Thursday, December 22, 2011

Real Pigs, Fake Cows, and Homemade Cheese

If you take anything away from this post, it should be this simple lesson: “Holy shit, the Slovakian countryside is beautiful.” That’s what I learned, at least. 

A side note for some context, this was the same day as this encounter so we were already a bit tipsy from all those welcoming shots as we drove from the old couple’s cute cottage to an even cuter farm. There were animals in every freaking nook and cranny.

[Jenna Klein once captioned on a similar picture, "Art kids first encounter with nature," which I enjoyed]

Not only that, we explored some sort of homemade playground as well. Damn, climbing ropes is fun.

After spending some time in the gorgeous fall weather in the gorgeous countryside farm place, we were ushered inside for lunch. Perhaps I should say Lunch because this was intense.
The first course was soup. Two kinds of very heavy soup plus many bread baskets. One must soak in the bread baskets here because they are not complementary at restaurants, not even Italian ones. I know, right? We once asked for one at a restaurant and caused a lot of confusion and possibly even resentment from the Czech tender. (Tender being short for bartender. You got that, right?)

After the soup, there was a main course: potatoes, meat, lots of very filling things. I was honestly going to explode when they brought out the two desserts. I forgot to take pictures until they gave us pickled beets, so this is the only representation you will get of the food at the epic Lunch. 

After lunch: more animals!

As our class wandered around staring at the beasts, our teacher Sarah had an epiphany, "Wow, these pigs are so REAL!" The most real of the real pigs she had ever seen, I guess. (Don't worry, we didn't let her live it down.)

[First line of a real life high school paper, written by a friend: "The spirit of the wild horses will never be broken." So hilariously terrible, and yet when we told Aidan, she defended the horse-loving writer. You can see it in her face here.]

 [Side note: The "spirit" was all over this place.]

 Soon enough our translator offered to take some of us on a walk. As we ventured out, we asked her how far we'd be going. 

"Ten miles."

"Ten miles? That's a really long way--nearly 20 kilometers!" We argued, but she insisted, pointing to some distant hill as our destination. (SPOILER ALERT: We didn't really go ten miles.)

But what a photogenic walk this was! We ended up stopping in this fantastic sunny field and taking some photos. And a nap.

Soon enough, it was decided that Joe was dressed like "a Sears model" and needed to pose for his cover shoot in the field.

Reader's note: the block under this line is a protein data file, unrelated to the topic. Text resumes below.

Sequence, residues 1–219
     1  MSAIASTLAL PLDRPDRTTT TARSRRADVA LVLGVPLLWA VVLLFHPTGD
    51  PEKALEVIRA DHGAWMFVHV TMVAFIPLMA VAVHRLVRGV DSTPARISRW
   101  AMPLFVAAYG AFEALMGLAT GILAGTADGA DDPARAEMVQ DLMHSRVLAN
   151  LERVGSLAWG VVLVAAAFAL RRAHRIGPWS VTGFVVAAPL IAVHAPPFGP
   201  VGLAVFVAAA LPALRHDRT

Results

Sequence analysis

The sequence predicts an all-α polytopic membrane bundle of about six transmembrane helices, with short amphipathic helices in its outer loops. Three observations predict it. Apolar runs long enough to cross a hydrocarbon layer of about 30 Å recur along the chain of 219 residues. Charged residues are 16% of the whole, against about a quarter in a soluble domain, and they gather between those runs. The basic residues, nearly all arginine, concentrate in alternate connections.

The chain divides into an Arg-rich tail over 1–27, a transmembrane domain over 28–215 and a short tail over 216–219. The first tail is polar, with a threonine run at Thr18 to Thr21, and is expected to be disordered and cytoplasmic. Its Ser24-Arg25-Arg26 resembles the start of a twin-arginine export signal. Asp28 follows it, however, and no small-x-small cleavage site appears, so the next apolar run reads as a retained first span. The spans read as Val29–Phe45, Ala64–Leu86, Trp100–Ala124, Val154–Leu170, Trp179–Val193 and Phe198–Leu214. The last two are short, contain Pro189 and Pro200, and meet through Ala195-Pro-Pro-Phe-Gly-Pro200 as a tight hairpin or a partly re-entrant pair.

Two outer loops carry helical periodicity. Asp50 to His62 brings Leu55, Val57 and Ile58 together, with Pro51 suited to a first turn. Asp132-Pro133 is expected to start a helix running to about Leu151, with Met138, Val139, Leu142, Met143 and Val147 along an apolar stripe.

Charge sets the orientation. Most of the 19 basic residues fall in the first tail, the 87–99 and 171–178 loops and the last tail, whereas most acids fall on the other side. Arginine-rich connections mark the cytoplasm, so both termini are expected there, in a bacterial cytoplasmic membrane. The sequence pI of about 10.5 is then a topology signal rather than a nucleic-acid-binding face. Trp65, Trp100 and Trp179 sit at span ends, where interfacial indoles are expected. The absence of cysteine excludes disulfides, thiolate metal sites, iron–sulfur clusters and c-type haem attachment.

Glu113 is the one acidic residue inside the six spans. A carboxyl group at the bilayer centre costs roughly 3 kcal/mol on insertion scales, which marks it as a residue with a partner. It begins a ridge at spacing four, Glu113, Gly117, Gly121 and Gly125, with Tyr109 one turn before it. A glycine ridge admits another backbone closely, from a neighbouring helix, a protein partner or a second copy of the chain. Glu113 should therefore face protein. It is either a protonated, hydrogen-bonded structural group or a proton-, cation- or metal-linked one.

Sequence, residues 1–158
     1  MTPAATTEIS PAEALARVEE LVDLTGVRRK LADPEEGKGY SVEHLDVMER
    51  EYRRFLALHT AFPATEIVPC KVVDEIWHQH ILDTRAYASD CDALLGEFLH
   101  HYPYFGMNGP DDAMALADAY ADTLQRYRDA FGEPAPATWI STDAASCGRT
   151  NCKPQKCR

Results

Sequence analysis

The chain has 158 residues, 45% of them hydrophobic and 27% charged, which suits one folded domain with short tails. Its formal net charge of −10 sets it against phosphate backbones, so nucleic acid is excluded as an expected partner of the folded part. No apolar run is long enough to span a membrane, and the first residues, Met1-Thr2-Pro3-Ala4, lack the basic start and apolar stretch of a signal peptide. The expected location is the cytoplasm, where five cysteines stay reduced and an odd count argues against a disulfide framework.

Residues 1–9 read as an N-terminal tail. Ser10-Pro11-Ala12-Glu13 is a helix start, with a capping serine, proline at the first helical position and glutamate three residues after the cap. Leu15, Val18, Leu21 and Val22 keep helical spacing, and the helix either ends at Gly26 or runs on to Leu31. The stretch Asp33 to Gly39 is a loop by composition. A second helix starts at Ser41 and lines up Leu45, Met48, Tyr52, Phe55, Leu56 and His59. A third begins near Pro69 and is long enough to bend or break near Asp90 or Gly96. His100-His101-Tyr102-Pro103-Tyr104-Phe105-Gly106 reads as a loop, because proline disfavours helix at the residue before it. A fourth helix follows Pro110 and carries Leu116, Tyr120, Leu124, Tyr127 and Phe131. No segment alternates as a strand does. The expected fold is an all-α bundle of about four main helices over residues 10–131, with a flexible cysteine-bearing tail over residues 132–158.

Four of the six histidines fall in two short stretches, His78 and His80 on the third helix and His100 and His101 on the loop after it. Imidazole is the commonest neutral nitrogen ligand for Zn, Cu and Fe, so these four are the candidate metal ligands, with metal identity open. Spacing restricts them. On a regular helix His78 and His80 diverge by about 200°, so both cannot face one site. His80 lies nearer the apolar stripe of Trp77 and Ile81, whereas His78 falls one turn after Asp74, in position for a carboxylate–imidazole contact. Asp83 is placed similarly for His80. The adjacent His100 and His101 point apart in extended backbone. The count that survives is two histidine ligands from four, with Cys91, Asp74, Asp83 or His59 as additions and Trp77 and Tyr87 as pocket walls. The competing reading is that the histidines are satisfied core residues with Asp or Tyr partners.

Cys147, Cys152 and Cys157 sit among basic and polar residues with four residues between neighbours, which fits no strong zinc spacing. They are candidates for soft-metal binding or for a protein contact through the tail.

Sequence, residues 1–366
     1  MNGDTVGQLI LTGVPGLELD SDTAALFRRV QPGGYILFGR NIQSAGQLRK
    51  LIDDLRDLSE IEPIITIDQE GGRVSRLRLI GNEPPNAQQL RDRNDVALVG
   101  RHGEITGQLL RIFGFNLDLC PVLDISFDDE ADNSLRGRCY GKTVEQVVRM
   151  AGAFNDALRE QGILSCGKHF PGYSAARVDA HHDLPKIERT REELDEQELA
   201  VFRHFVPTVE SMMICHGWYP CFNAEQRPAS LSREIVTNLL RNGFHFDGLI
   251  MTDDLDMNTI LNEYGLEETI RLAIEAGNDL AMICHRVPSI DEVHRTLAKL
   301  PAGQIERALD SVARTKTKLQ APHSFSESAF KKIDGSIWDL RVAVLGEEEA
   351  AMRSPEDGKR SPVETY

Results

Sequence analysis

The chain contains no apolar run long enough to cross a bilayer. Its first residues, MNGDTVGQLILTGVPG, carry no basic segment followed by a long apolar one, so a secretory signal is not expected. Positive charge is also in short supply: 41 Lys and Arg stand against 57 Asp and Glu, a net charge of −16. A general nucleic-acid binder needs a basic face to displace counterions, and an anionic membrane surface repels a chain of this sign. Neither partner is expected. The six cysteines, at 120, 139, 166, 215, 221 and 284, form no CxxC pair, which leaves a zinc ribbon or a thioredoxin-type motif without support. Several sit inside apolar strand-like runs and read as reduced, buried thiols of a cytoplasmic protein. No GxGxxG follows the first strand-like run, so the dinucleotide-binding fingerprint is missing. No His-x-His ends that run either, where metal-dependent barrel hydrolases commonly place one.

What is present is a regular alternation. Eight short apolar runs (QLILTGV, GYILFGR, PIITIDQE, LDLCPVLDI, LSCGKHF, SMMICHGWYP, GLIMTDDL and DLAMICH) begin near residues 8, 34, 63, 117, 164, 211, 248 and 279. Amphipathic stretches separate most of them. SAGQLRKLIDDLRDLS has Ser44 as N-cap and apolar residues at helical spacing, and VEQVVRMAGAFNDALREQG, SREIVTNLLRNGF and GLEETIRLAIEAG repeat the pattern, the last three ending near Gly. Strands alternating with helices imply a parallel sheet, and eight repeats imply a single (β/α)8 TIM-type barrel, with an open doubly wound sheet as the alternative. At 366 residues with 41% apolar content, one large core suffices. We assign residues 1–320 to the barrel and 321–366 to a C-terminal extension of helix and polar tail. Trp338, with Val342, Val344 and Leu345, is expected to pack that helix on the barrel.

Oh, and don't think I forgot about the nap.

[Photo by Danielle Lashley]

 We stayed in the field too long and had to take a short cut across the field for more food.

This resulted in my left foot getting sucked into a giant mud puddle. 

[Ne, ale dekuju. ("No, but thank you.")]

 The return was worth it though, as we were introduced to unlimited homemade cheese and given a demonstration on how it is made. 

[He is wearing these pants that every Czech person seems to own, but few in our American group have been able to find in stores.]

I was so pleasantly full from the cheese, the perfect light dinner after a long day. Then we went to the hotel and were pretty much force-fed more food for dinner. On this day I decided never to eat again. 

p.s. More farmage.

Saturday, December 17, 2011

The Cutest Village in Slovakia

After Krakow, we clamored into our personal travel bus with the grumpy driver and made our way through the mountains to Černy Balog, a village in Slovakia. I’m going to have to split this town into multiple posts because a small non-profit group showed us around and pumped our days full of activities.

Get ready to be jealous as I show you the cabin-mansion, mountainous, fresh-air haven where we stayed. 

 [View through the window]

Like Rehlovice, we were welcomed with shots of some flavored vodka, or maybe the herbal hard liquor Becharovka, who can remember. The shots kept flowing in Slovakia: we awoke to early morning liquor at a kind old couple’s house. 

[It must be a painful life for those who are less artsy than myself...]

We had one when we arrived, one in the middle, and another before leaving, but who can remember.

This couple was adorable though. They showed us traditional Slovakian dress, food, music (involving an accordion, the instrument of angels), and weaving.

Oh yes, and dancing. The first involunteer was myself, but others followed. Let me tell you, this woman was ridiculously strong. Some of you readers may know that I can’t dance; I hardly did anything in this traditional Slovakian partnership but we were spinning at 20 miles per hour (sorry, kilometers) and stepping across the whole kitchen. I basically just held on and hoped I wouldn’t be flung into the traditional bread with lard and bacon on it (surprisingly better tasting than it sounds). 

 [And next was Naomi]

By the way, this house was adorable. (I would use a stronger word there if I could think of one.)

 [And this was in some sort of gazebo thing, furthering the adorableness to new levels]

So now you probably want to know about our third round of shots:

[Perhaps I didn't make it clear to the subjects that a photo was taking place]

The day was far from over. More fresh air and obviously more shots awaited us at the next farm.

To be continued…